Cast: Jiiva, Tapsee Pannu, Nandha, Santharam
Music: Thaman S
Director: R Kannan
Survi Review: 2/5
Vachadu Gelichadu is the Telugu version of the Tamil film Vandhan Vendran. The film features Jeeva playing the role of a profession boxer. Tapsee pannu will be seen as architect. Ramana (Nandha) an underworld don in Mumbai, Arjun (Jiiva) a boxer and Anjana (Taapsee), a beautiful girl. These three characters are so adamant in nature and one particular incident brings them together.
Maybe, the story may sound too simple from your perception, but Kannan has gone ahead with his out-of-box-thinking, thereby letting us go through a belt of surprises during the climax portions. Possibly, revealing them will become the major spoiler here. It is well known that to gain something, one should lose some other thing. But Vachadu Gelichadu tells about how to get something without losing anything.
Jiiva did well within his limitations, he had no scope to show off his skills. Tapsee who looked fabulous in Telugu flicks like Jumandi Nadam and Mr.Perfect seemed out of place in this film. She is just average. Nanda is adequate in a pivotal role with controlled performance. Santhanam comedy in not upto the mark. All the other actors are passable.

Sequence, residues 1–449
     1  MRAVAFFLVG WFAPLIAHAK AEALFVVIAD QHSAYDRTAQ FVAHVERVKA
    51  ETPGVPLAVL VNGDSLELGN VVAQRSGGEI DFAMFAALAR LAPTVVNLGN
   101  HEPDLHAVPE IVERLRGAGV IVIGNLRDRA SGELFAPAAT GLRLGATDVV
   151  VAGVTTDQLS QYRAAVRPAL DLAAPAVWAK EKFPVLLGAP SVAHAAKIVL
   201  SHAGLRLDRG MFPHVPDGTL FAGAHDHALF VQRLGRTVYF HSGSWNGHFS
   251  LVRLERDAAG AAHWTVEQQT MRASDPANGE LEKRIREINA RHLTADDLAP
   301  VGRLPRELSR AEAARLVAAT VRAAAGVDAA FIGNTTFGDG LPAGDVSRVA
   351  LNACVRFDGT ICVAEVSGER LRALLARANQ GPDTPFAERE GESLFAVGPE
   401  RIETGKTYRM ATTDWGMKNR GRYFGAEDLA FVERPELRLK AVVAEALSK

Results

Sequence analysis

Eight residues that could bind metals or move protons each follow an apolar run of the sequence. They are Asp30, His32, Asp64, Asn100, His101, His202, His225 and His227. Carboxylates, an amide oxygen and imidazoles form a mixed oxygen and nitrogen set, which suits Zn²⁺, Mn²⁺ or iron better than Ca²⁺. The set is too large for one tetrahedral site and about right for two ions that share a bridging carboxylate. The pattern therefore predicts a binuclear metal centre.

The entire script is devised to cater to class audiences in the first half and mass lovers in the second half. But then, editing and screenplay are worse. They spoiled the whole show. So is the case with direction. It’s so poor. Lighting and settings suited too well for the theme, which in turn contributed to make cinematography first-rate. Thaman’s tunes are quite soothing to the ears and the background music goes well with the situations. R Kannan’s direction is commendable, but he fails to give drift to the script, which loses track while progressing in the Pre and Post interval episodes.
Vachadu Gelichadu may be categorized in the list of boring films that were dubbed in the recent times. The film starts off with an interesting note but loses its path while progressing. The first half is adequate. The second-half on the opposite is an exception since it has a couple of okay twists and sentimental climax. Lack of twists and simple plot creates no impact. Skip it in THEATRES.